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Aliki Children’s Book Illustrator

May 22, 2017

Aliki Brandenberg is now 87. She has well over 60 books to her name and illustrates in a number of different styles. I love her fun simple lines and her textural work most of all. Aliki says “I write fiction out of a need to express myself. I write nonfiction—out of curiosity and fascination. And I draw in order to breathe.”

Born in Wildwood Crest, New Jersey, Aliki’s parents, were originally from Greece, and they taught her to speak Greek as a first language. She started to draw at an early age, and her parents enrolled her in art classes.

After graduating from the Philadelphia Museum School of Art in 1951, she worked briefly at the J. C. Penney Company in New York, in their display department. She then moved back to Philadelphia and worked as a freelance artist, creating art for advertising and display purposes. She also taught classes in art, worked as a muralist, and started a greeting card company.

In 1956 Aliki decided to explore her Greek heritage, as well as many other parts of Europe. During her travels she met Franz Brandenberg, whom she married the following year. After moving to Franz’s native Switzerland, she wrote her first book The Story of William Tell, about the legendary Swiss archer. The book, published in 1960, was well received. Aliki and her husband moved to New York, where she began in earnest her long career as an illustrator and author of books for children.

She has written and illustrated many books and she has also illustrated books for other authors, including her husband Franz Brandenberg. Her career as an author and illustrator led her to explore many subjects of historic and scientific interest. Her nonfiction books, either written by herself or by others, touch upon matters as varied as dinosaurs, mammoths, book manufacturing, Shakespeare, evolution, and growing up. Aliki’s fictional works explore such themes as family and friendship. Aliki’s Greek heritage is also a recurring theme in her works, both fiction and nonfiction.

I have two of her books which display both of her styles that really appeal to me. The first is called ‘The Listening Walk’.

It’s all about the sounds we hear when going for a walk if you listen closely.

I love the simple use of two colours (sometimes overlapping to create a fall on third colour) with black line and textural elements. These cars below are wonderful, you can just feel the speed !

Lovely detail and observations.

The second is called ‘My Five Senses’ and was part of the classic ‘Let’s read and find out Science book’ series.

Lots of textural rubbings, pattern and variation in line thicknesses and scale.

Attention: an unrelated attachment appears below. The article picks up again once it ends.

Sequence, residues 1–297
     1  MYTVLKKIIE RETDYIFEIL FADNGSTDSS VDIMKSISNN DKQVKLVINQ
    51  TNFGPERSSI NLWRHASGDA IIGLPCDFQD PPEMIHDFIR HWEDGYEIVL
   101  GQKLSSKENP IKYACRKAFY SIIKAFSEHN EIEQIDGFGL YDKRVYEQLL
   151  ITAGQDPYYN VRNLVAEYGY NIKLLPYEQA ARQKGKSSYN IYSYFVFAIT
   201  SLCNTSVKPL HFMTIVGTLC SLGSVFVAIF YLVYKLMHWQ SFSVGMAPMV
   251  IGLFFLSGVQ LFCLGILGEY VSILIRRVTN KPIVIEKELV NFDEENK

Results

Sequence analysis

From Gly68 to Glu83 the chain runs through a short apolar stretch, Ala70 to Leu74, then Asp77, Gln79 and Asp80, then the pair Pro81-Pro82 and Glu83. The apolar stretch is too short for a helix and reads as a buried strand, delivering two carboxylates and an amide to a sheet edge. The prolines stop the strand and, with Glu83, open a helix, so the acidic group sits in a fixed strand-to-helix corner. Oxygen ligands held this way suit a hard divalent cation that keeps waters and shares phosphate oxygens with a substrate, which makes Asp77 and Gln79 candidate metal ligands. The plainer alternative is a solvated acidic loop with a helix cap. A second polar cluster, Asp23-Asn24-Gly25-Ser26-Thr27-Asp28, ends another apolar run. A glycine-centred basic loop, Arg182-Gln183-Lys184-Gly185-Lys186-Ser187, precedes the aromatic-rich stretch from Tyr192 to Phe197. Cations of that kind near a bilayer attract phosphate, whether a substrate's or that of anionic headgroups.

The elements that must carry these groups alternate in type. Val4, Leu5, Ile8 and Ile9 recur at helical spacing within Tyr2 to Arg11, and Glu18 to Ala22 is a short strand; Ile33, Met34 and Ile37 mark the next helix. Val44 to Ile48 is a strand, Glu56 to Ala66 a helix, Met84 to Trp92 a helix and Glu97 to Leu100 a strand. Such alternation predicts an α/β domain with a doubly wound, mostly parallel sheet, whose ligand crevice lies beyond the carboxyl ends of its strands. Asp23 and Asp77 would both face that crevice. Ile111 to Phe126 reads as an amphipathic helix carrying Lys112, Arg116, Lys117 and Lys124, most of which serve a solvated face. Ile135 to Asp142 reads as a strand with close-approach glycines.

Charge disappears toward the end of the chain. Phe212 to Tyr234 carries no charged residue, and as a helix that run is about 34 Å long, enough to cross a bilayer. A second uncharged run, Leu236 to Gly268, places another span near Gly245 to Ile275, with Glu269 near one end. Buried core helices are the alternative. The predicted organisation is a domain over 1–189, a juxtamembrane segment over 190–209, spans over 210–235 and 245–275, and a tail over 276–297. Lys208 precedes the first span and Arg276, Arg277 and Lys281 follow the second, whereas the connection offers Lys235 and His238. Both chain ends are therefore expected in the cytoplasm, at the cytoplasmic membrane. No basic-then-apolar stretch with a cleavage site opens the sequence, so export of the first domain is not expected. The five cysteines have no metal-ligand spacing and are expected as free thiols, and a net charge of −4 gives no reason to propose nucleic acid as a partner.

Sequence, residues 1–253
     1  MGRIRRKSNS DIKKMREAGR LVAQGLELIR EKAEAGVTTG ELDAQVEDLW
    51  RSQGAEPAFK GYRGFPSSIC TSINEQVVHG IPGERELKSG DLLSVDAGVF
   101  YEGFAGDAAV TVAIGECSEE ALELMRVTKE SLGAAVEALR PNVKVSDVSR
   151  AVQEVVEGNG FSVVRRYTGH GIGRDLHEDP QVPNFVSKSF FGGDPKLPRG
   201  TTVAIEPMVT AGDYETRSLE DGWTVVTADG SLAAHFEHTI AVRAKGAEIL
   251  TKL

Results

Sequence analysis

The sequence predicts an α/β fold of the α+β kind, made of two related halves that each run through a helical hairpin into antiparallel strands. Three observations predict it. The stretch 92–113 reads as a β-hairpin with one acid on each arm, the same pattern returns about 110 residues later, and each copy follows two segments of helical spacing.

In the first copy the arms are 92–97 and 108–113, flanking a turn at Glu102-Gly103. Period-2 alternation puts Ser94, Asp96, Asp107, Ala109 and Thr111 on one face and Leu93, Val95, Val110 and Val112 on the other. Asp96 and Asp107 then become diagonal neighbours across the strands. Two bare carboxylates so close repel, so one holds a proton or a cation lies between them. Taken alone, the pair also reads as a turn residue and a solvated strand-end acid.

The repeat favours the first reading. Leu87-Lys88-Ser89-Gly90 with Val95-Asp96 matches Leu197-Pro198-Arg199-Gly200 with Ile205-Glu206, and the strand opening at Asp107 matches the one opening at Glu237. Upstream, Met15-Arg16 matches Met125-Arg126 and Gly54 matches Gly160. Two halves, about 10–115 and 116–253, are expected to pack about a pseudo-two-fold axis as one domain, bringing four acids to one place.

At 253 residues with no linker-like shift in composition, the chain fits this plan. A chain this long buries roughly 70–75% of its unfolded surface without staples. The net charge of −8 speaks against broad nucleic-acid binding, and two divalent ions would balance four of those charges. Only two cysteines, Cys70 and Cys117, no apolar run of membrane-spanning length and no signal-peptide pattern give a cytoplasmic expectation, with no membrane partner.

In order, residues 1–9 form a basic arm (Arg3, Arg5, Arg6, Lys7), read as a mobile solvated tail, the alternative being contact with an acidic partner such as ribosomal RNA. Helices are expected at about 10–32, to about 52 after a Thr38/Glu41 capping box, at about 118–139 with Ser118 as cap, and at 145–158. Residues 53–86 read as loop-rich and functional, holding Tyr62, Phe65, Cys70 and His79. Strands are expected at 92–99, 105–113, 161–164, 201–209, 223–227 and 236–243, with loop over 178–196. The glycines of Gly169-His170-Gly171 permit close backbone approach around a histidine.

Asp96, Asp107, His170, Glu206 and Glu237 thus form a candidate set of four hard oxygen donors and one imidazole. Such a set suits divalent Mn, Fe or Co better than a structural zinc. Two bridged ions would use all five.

You can read more about her here.

She has been living and working in England since 1977, Aliki continues to produce new titles. “I’m one of those lucky people who love what they do,” she once commented. “I also love my garden, music, theatre, museums, and traveling. But I’m happiest when I’m in my studio on the top floor of our tall house in London, alone with the book I’m working on, and Mozart.”

If you like Aliki’s work, you may also like the work of Helen Borten and Abner Graboff, you can see many posts about these artists, by writing their names into the search function on my blog. Happy viewing.

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9 Comments leave one →
  1. May 22, 2017 1:02 pm

    Thank you so much for introducing me to Aliki! I’ve seen some of her images before but was never able to place the artist. As a children’s illustrator myself these are so inspiring and are gold to me.

    • May 23, 2017 7:27 am

      Lovely to hear that Joanie, my aim is to inspire people with my findings so I feel my work has been done today : )

  2. May 22, 2017 8:11 pm

    My favourite thing about these illustrations are the use of the limited colour palette. When I am creating art, I find I am either super colourful and go crazy or else I really limit myself to one or two colours. I love the simplicity and challenge of the latter – plus it fits into my free time better.

    • May 23, 2017 7:29 am

      It seems that there was a trend in the 60’s to just print books with about three colours (and sometimes the fall on colours that their overlapping parts created) It works so well as you say, I can see the trend reappearing in kids books even now

  3. Ng Wye Wye permalink
    May 23, 2017 4:22 am

    Thanks for sharing this! I LOVE Aliki’s illustrations especially her earlier ones. I have a few of her older rarer books and if you like, I can share some of the images with you. Another illustrator which I hope you can feature one day, is Fiep Westendorp. Keep up the great work! I love your blog!

    • May 23, 2017 8:13 am

      Hi and thank you for your kind offer to share some of Aliki’s work with us, that would be great thank you, any images you take you can send to me here craig @ fishink.co.uk and i will add them to this post. I also like Fiep’s work and if I can get enough imagery together then one day, that will happen too. Thanks for your comments and for reading my blog.

  4. alibrookes permalink
    May 25, 2017 9:13 am

    Such wonderful, expressive characters! Pure joy!

  5. May 29, 2017 7:42 pm

    Such a feast for the eyes

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